Jimbo, glad you you brought this up, this is what I was thinking, just thoght it was too obvious not to be mentioned. I always put down prespray first (that's why it's called pre spray) then meter in my acid rinse at 2-3 GPH. Carpet alays dries soft. If he's metering in cleaning chems then how can they get fully rinsed?
 
T

TheEyeball

#20
As a former laundry and linen pro, when it comes to drying, it has more to do with movement than speed. Anything disolved in water is going to be left behind when the water evaporates, whether it takes 2 minutes, 2 hours or 2 days. The tumbling action of the dryer, prevents the the disolved stuff (laundry detergent, starch, hard water minerals) from drying in long chains and making the fibers stiff. Imagine pulling two spaghettii noodles (essentially a starch) out of boiling water. One you lay flat on a plate and it dries straight and stiff. The others is dried whilst tumbling around inside a dryer. As it dries, it is smashed into a ton of tiny pieces. Each individual piece has rigidity, sure, but it's not the same compared to one long unvroken chain. A la sawdust compared to a 2 x 4. Case in point... wash ONE (just 1) sock and toss it n the dryer by itself. More than likely one of the agitators inside the dryer drum is going to catch it as it starts spinning. The sock will sit in that same position, held in place by centripetal force, and it won't tumble. It will dry pretty quick but will be darn stiffer than normal when you pull it out. This is easy to watch in a laundromat with clear dryer doros. If you ever have to dry just one item in a hurry, adding a couple of clean, dry t-shirts to the dryer with it will help it dry softer and less wrinkled because it will induce tumbling inside the drum.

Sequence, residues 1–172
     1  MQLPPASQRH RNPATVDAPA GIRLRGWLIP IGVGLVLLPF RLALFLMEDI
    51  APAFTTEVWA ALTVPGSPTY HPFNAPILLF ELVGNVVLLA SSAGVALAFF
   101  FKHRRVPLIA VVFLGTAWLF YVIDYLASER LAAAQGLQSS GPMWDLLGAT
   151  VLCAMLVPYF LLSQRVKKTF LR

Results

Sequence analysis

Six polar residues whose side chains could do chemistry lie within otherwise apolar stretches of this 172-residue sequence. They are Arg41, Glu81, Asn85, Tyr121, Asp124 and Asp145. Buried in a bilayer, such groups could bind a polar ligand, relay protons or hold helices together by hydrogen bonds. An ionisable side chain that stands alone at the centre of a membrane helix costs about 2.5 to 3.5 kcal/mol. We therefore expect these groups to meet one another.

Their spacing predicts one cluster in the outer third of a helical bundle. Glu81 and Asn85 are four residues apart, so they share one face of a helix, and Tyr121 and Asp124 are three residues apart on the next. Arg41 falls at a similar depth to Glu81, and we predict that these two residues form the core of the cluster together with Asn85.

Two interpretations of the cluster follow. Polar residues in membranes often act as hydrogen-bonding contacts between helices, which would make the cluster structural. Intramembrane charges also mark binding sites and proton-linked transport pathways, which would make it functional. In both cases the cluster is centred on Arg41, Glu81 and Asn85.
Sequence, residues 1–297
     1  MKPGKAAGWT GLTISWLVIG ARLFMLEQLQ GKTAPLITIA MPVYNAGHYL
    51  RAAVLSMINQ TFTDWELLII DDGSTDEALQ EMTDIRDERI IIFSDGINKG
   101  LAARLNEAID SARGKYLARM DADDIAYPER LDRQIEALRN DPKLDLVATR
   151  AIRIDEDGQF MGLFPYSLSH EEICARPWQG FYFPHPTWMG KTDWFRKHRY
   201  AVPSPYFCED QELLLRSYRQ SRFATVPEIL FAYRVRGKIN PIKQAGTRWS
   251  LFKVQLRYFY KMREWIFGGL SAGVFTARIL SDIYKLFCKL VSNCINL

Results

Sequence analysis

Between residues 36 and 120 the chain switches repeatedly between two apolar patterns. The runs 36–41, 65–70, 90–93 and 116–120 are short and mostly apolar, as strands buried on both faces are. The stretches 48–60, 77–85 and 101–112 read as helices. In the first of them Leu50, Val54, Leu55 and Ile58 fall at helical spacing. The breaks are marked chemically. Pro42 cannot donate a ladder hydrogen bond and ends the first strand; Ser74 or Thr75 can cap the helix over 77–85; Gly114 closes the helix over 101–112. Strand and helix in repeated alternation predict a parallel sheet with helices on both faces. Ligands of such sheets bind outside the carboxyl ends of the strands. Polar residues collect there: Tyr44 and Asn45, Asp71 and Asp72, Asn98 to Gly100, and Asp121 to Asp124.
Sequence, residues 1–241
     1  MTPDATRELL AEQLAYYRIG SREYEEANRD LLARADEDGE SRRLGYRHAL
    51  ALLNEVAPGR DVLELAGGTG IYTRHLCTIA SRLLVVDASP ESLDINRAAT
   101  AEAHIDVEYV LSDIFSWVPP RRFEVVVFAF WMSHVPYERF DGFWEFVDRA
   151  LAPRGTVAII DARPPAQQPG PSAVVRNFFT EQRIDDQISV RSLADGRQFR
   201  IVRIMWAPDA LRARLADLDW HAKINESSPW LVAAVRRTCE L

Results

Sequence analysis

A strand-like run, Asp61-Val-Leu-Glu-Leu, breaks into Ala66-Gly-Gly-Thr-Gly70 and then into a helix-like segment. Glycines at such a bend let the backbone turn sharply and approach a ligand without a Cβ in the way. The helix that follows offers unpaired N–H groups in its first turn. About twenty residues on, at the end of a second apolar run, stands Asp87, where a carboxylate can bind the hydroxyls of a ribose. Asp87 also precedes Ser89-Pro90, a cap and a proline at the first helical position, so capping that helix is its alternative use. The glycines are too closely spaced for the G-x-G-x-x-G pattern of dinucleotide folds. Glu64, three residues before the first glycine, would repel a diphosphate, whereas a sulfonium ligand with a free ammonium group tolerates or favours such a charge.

Since you can't really sit around and move the carpet fibers back and forth as they dry, you need to use the carpet cleaners' version of Downy to remove as much of the disolved solids as possible in your rinse strokes. As for which "Downy" to use, that's best left to Scott and others. As of 2 months ago, my boss was still making me clean carpet w/ Purple Power, so I'm still learning this side of textile care. ;)
Awesome. Always wondered about this stuff, but never even knew what questions to ask or to whom. It's just such an obscure topic. Never seen it explained so perfectly. Thanks!